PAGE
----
7. The Alessandri forces have played along with this scheme that some weeks ago I described as far-fetched and that increasingly looks like some Rube Goldberg contraption. Alessandri has kept his si-lence; his headquarters said they would not recognize Allende as the President-elect; they have organized a few unimpressive demonstrations and they have spread the rumor of electoral fraud and of impending massive challenges of individual votes before the National Electoral Board rechecking the ballots. The Alessandri “Independents,” the National Party and the Freistas have formed a working group to coordinate their “planning” but they simply cannot hack the knot of impotence in the Congress.

8. Frei, no less convinced today than before the elections, that Allende signifies an “irreversible road” to a Communist state in Chile, is awaiting the military’s move. A good many of the higher officers of the three services talk tough but objective analysis compels the conclusion that they will not act effectively. They want a moral justification. A request from Frei might be sufficient; a breakdown of law and order would be more persuasive.

9. They hold meetings and the whole town knows about them including the Allende camp. The latter have contacted Generals and Admirals who are promised key jobs in the new era; they have assured the mass of younger officers that neither they nor their privileges will be touched; they have solidified their support among the Army non-coms, the men who really control the troops.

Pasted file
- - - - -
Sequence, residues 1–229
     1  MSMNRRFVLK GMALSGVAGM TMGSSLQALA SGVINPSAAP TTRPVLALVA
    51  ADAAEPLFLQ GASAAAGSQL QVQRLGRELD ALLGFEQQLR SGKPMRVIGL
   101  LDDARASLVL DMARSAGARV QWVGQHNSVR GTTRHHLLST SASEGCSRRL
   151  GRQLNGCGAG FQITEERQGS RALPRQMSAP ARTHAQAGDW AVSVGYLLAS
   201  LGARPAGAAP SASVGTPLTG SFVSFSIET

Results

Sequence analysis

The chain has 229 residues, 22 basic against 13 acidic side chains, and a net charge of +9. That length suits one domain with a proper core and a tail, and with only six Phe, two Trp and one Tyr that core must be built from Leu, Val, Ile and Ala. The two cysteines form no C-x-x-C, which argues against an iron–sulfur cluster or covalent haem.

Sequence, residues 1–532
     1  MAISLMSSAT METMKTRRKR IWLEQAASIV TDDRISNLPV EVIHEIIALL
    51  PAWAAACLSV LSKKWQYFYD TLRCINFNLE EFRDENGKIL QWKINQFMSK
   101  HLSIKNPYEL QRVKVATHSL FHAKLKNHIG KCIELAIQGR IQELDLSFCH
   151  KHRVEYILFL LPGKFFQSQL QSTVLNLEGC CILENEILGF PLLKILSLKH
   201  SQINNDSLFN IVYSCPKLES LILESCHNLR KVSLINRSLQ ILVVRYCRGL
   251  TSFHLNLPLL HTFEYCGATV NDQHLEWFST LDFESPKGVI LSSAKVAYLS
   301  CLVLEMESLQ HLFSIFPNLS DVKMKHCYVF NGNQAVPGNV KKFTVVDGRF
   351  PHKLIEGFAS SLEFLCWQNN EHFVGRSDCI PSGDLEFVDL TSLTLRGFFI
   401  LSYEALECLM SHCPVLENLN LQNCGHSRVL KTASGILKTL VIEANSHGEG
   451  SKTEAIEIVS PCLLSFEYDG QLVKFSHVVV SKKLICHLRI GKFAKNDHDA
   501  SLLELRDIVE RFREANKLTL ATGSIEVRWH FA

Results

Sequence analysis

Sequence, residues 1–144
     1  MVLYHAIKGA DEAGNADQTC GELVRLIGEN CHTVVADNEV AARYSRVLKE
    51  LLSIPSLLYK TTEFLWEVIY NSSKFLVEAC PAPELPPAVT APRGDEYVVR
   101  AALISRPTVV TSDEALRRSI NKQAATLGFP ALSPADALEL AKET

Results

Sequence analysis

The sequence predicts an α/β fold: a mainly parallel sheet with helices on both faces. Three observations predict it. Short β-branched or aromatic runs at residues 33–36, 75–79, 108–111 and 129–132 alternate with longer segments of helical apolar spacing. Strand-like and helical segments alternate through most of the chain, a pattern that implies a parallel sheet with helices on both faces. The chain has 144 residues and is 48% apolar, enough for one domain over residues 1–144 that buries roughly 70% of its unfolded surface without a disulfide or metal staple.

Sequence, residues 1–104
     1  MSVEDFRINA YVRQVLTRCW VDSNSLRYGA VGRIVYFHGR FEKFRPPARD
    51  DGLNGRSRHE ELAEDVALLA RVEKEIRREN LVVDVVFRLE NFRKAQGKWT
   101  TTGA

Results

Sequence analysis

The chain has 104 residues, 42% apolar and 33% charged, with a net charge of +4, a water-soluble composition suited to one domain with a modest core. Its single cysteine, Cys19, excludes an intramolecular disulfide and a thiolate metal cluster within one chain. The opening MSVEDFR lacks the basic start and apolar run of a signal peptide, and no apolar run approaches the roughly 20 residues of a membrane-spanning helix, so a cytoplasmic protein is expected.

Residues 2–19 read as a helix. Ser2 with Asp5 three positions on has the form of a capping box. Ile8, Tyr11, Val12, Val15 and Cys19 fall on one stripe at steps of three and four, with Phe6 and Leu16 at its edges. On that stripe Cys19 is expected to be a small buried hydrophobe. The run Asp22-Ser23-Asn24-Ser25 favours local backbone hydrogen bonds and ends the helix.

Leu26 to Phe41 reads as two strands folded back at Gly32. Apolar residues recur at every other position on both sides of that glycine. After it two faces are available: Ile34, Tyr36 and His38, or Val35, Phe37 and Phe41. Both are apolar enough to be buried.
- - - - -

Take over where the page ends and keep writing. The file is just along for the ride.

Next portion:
10. The military never had a contingency plan. They never had any prior agreement among themselves; they never lost their mistrust of each other’s intentions. To give one example, Gen Valenzuela, the Jefe de Plaza of Santiago, is consulting civilians on how to deal with the commander of the Second Division, whom he has just discovered is quite close to the Allende forces (and which we and most interested parties have known for a long time). The Navy CINC talks tough in the meetings with the confreres but speaks softly and reassuringly to his own subordinates. They talk. They wait. They wait for someone to create a propitious climate.